When a person injures their knee, it becomes inflamed. When a person has a cold, their throat becomes inflamed. This type of inflammation is the body’s natural and protective response to injury.
Interestingly, there is growing evidence that a similar process happens when a person experiences psychological trauma. Unfortunately, this type of inflammation can be destructive.
Previous studies have linked depression and inflammation, particularly in individuals who have experienced early childhood adversity, but overall, findings have been inconsistent. Researchers Gregory Miller and Steve Cole designed a longitudinal study in an effort to resolve these discrepancies, and their findings are now published in a study in Biological Psychiatry.
They recruited a large group of female adolescents who were healthy, but at high risk for experiencing depression. The volunteers were then followed for 2 ½ years, undergoing interviews and giving blood samples to measure their levels of C-reactive protein and interleukin-6, two types of inflammatory markers. Their exposure to childhood adversity was also assessed.
The researchers found that when individuals who suffered from early childhood adversity became depressed, their depression was accompanied by an inflammatory response. In addition, among subjects with previous adversity, high levels of interleukin-6 forecasted risk of depression six months later. In subjects without childhood adversity, there was no such coupling of depression and inflammation.
Dr. Miller commented on their findings: “What’s important about this study is that it identifies a group of people who are prone to have depression and inflammation at the same time. That group of people experienced major stress in childhood, often related to poverty, having a parent with a severe illness, or lasting separation from family. As a result, these individuals may experience depressions that are especially difficult to treat.”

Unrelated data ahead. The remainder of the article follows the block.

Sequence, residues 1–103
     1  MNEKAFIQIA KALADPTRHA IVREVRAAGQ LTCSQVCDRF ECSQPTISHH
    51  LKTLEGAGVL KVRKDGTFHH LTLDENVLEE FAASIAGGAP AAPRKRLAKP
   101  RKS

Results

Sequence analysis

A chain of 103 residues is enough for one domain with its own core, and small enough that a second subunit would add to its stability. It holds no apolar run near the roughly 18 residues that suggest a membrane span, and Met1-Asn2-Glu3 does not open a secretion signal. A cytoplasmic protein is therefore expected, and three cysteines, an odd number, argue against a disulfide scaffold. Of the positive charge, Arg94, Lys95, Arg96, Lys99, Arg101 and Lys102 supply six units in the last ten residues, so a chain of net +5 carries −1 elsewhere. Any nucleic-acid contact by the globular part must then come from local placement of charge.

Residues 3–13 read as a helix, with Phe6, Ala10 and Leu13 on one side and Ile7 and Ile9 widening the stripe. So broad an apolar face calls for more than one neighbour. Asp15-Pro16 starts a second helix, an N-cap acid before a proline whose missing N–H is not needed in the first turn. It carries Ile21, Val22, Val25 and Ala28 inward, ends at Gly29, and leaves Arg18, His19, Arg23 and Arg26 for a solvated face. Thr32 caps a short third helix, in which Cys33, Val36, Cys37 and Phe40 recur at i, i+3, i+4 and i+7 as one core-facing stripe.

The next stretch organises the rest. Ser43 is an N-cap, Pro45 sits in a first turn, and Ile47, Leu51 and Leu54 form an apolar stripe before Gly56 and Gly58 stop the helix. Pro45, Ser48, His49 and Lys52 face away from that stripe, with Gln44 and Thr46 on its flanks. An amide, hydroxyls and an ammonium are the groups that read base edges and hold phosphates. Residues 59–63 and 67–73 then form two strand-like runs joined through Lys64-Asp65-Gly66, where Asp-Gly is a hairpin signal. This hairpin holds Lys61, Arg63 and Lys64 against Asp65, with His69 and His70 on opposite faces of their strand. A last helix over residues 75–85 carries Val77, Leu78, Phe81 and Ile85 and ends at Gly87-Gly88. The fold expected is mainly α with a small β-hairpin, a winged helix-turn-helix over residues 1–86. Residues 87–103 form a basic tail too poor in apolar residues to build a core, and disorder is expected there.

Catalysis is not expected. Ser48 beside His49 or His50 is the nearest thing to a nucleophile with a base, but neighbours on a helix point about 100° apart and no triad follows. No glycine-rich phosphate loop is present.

Another important aspect to their findings is that the inflammatory response among the high-adversity individuals was still detectable six months later, even if their depression had abated, meaning that the inflammation is chronic rather than acute. “Because chronic inflammation is involved in other health problems, like diabetes and heart disease, it also means they have greater-than-average risk for these problems. They, along with their doctors, should keep an eye out for those problems,” added Dr. Miller.
“This study provides important additional support for the notion that inflammation is an important and often under-appreciated factor that compromises resilience after major life stresses. It provides evidence that these inflammatory states persist for long periods of time and have important functional correlates,” said Dr. John Krystal, Editor of Biological Psychiatry.
Further research is necessary, to extend the findings beyond female adolescents and particularly in individuals with more severe, long-term depression. However, findings such as these may eventually help doctors and clinicians better manage depression and medical illness for particularly vulnerable patients.
The article is “Clustering of Depression and Inflammation in Adolescents Previously Exposed to Childhood Adversity” by Gregory E. Miller and Steve W. Cole (doi: 10.1016/j.biopsych.2012.02.034). The article appears in Biological Psychiatry, Volume 72, Issue 1 (July 1, 2012), published by Elsevier.
The authors’ affiliations, and disclosures of financial and conflicts of interests are available in the article.
John H. Krystal, M.D., is Chairman of the Department of Psychiatry at the Yale University School of Medicine and a research psychiatrist at the VA Connecticut Healthcare System. His disclosures of financial and conflicts of interests are available here.